Metonymy Examples

Metonymy

Metonymy is when you substitute an attribute or something closely related to a thing for the name of the thing.

Examples of Metonymy:

Suit = business man

Crown = monarch/monarchy

Oval Office = presidency/president

Lend a hand = help

pen = written word (i.e. "The pen is mightier than the sword.)

Examples of Metonymy from Literature:

From Margaret Mitchell's Gone With the Wind-Georgia refers to the government, people of Georgia:

"I'm mighty glad Georgia waited till after Christmas before it seceded or it would have ruined the Christmas parties."

From F. Scott Fitzgerald's The Great Gatsby-Fitzgerald uses the place name to stand for the people who live in the place:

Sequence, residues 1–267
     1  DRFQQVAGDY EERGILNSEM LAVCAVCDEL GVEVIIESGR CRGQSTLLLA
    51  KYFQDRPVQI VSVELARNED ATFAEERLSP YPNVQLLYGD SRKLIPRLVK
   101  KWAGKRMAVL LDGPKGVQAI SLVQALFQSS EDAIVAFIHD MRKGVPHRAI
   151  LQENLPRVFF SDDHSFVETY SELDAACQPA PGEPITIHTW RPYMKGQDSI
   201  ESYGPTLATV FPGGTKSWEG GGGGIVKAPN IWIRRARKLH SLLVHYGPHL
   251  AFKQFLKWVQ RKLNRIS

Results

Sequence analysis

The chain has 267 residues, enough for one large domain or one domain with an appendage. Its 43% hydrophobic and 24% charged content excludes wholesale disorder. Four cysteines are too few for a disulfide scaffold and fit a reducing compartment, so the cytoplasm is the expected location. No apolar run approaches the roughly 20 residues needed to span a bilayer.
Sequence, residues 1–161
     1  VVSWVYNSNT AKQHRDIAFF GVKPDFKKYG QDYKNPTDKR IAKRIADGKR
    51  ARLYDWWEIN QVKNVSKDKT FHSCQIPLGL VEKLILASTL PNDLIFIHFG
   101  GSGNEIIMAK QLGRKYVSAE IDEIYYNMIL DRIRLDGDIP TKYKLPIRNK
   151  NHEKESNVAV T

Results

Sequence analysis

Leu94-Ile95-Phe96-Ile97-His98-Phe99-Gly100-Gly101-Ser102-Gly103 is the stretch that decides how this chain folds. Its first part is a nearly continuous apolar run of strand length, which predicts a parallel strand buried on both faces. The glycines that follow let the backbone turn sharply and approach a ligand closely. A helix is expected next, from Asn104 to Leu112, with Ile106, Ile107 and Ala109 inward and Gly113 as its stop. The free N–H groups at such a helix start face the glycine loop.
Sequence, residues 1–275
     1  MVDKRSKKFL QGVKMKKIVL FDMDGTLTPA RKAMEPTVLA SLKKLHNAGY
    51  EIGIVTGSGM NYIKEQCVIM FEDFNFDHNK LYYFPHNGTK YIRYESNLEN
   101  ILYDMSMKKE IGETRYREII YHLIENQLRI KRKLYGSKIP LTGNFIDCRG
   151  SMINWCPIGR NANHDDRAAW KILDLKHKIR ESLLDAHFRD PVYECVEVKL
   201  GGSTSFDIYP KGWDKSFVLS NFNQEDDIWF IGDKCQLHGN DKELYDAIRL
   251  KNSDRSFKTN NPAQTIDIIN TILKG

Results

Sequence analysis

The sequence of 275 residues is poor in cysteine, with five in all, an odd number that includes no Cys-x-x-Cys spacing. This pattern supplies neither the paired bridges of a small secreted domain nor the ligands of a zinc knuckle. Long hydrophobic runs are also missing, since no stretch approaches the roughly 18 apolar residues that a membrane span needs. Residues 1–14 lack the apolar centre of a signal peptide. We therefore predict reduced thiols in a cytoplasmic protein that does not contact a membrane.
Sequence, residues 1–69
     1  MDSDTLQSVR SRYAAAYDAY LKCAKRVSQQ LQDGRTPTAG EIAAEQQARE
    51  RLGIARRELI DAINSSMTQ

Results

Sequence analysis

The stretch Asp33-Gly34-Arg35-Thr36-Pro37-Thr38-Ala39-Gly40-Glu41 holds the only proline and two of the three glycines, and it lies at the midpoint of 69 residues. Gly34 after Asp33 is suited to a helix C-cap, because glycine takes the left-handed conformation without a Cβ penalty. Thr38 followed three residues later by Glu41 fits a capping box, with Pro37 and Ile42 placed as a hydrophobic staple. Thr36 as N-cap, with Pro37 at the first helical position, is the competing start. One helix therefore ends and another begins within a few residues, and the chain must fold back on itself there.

"The party preserved a dignified homogeneity, and assumed to itself the function of representing the staid nobility of the countryside-East Egg condescending to West Egg, and carefully on guard against its spectroscopic gayety."

From Shakespeare's MacBeth-table refers to those who are present:

"I drink to the general joy o' the whole table."

From Shakespeare's Julius Caesar-Antony uses "ears" as a way to ask the crowd to listen:

"Friends, Romans, Countrymen, lend me your ears . . ."

Related Links:
Examples
Grammar Examples
Synecdoche Examples
Metaphor Examples








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